Steve has been involved with the building industry for over 35 years. We have compiled a list of the questions he gets asked most often by clients and prospects. These questions come from both returning clients and clients who are embarking on their first development project.
Once you have chosen your builder, you should request a “pre-contract meeting”. You should request that the builder supply you with his proposed Programme of Works prior to this meeting, and should study this to make sure his proposals fit with your needs. It will also allow you to get clarification on any of the items at this meeting. The programme should also take into account any discussions you have had previously, such as your intentions around residency through the build process. After this meeting the output needs to be included within the project contract, which you will both sign. These contracts are readily available on the internet and a good contractor can advise you which type would be best suited to your individual project needs. Most firms will also be able to supply their own contract if required. The difficulty however with a formal contract is that they require an administrator, that is someone who sits between the builder and the client. In the majority of cases this will be the architect or project manager. While this really is money well spent, many clients do not wish to spend their money here, they prefer to spend it on the bricks and mortar. In these cases constuction firms should be able to provide a simple “Form of Acceptance”. This document outlines an overview of the project, the schedule of works, materials, fixtures, roles and responsibilities in relation to the project, the cost of the work, the terms of payment, the acceptance process, terms and conditions, and your rights in relation to the project. Like the contract this is signed by both parties and copies held by each. These documents are important, and will form the basis of most of the meetings and conversations that will take place with you throughout the process, even if they are only used as a check-sheet. Most importantly and in addition to the contract, a hand shake between parties is highly recommended as a good starting point.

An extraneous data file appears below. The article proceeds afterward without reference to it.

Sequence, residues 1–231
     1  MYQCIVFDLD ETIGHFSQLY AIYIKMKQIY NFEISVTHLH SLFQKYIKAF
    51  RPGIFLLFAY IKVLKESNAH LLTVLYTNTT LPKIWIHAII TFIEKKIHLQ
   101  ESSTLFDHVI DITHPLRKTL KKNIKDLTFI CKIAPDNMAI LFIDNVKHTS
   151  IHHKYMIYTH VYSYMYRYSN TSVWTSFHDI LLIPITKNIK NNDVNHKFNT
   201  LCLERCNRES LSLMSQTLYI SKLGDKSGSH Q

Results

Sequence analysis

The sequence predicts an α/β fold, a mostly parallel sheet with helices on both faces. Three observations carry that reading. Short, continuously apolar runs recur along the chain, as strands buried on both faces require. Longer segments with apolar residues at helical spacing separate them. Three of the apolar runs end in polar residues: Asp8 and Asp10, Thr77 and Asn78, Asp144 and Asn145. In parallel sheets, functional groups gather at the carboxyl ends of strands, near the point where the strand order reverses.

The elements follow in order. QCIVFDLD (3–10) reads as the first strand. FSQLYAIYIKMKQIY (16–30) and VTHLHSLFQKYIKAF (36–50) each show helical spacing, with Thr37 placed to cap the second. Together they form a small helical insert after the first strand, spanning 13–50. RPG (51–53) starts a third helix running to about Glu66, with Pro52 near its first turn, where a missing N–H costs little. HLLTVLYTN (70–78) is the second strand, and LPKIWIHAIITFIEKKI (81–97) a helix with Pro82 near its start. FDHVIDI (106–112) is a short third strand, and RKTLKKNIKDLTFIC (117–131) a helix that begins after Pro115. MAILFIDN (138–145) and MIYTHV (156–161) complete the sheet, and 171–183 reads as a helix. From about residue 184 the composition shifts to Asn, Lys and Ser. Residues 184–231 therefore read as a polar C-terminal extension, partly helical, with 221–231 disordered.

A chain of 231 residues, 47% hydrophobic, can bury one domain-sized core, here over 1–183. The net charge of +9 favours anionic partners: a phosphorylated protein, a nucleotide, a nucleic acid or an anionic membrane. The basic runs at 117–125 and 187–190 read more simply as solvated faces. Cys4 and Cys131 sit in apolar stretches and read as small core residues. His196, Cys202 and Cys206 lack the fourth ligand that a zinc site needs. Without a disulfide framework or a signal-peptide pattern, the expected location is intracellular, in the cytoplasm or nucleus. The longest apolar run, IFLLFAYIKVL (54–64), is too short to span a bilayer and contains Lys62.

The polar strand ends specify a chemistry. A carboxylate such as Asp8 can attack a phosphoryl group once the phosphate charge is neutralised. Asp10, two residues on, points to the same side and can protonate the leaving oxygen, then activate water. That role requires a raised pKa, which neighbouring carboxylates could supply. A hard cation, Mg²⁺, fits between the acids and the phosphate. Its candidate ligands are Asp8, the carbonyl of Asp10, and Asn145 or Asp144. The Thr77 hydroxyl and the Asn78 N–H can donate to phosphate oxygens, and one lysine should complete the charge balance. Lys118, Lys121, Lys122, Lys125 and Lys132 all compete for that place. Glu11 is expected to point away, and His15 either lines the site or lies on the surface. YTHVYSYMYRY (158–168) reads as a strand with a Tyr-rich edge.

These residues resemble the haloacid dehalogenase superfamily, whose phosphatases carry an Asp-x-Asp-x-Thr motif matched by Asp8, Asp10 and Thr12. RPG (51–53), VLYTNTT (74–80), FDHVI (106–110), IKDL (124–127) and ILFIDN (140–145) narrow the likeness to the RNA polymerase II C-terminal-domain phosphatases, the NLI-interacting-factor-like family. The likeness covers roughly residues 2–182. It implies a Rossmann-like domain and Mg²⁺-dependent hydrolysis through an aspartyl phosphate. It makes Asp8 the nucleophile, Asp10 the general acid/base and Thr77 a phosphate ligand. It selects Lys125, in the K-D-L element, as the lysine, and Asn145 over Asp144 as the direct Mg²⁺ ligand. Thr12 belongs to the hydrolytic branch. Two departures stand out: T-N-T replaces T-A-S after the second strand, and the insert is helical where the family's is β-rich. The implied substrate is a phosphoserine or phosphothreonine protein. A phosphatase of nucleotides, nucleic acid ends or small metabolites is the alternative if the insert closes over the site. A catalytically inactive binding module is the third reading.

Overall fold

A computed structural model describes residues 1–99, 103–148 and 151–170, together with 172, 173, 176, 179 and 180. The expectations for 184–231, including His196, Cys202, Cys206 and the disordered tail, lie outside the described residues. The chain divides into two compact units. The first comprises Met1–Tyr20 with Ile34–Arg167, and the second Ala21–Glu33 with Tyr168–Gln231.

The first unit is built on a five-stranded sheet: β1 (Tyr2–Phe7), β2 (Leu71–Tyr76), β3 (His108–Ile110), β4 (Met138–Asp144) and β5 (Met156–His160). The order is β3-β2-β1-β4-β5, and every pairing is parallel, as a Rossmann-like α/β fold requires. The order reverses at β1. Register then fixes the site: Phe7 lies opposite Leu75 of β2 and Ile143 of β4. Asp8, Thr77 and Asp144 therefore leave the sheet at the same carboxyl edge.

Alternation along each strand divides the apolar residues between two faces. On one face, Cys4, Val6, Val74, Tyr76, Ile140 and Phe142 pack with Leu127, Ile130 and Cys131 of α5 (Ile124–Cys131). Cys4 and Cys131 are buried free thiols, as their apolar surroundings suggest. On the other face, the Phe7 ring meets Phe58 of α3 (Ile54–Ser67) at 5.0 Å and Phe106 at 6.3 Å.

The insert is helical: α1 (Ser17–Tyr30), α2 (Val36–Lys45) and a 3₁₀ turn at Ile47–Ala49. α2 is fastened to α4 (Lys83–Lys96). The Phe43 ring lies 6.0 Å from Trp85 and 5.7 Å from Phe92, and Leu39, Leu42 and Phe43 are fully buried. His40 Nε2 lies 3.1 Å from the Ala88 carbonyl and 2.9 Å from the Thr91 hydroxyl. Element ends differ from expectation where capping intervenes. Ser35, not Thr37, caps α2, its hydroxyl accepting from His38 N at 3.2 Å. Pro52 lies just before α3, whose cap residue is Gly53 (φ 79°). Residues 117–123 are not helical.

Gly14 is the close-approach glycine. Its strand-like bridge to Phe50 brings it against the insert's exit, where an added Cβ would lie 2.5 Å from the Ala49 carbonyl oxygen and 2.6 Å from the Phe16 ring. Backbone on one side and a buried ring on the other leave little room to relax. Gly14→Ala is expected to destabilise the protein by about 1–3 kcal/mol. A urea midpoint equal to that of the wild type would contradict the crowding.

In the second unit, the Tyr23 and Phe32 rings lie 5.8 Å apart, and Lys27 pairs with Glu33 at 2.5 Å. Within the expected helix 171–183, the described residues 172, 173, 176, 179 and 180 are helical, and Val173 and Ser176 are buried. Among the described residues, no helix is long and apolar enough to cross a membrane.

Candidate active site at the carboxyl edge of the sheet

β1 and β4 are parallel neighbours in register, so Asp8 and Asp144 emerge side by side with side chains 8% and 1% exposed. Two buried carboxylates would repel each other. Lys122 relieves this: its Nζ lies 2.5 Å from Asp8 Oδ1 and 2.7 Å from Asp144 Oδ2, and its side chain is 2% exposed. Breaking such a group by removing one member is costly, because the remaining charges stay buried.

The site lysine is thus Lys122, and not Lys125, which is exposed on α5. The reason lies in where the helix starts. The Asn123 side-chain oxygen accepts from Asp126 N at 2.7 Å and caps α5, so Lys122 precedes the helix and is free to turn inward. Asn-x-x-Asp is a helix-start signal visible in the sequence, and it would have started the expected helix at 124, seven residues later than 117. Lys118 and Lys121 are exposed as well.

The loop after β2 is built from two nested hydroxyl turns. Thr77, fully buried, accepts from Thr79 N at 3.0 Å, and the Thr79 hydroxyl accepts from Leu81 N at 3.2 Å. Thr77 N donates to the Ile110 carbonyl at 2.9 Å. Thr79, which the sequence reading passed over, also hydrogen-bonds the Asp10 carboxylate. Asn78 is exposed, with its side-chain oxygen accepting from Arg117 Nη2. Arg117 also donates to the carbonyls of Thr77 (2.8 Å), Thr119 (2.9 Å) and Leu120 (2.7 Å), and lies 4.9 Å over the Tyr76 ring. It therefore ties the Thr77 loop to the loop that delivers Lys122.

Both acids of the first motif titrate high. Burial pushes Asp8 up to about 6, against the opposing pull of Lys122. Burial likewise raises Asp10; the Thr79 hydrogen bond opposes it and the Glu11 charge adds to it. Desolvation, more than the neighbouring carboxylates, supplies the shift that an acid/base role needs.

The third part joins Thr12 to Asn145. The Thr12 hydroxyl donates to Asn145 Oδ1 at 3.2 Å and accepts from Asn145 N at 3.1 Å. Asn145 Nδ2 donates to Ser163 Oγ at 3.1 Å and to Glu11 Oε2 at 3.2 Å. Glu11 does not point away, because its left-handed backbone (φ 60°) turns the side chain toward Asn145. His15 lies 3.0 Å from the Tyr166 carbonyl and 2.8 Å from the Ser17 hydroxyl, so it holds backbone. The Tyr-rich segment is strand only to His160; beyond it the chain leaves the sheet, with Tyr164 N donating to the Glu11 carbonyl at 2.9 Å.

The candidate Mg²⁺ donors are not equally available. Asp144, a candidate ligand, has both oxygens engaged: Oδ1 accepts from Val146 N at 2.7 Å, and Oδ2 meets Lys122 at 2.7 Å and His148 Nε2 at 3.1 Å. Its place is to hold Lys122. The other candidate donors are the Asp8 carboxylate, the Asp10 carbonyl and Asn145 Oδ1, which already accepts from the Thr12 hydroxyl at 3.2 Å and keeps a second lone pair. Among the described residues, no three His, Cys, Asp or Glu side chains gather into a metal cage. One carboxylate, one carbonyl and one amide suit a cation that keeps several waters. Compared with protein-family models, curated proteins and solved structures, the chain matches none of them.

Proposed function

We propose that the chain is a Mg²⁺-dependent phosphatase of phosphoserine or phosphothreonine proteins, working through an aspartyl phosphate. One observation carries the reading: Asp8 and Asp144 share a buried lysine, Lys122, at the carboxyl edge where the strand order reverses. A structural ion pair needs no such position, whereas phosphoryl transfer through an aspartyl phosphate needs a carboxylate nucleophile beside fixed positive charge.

Most firms will also raise a non-returnable deposit invoice at this point. This will be used by the firm to purchase the materials required to commence work, arrange deposits with any sub-contractors and fabricators they are looking to use, and to cement your start date within their own schedule.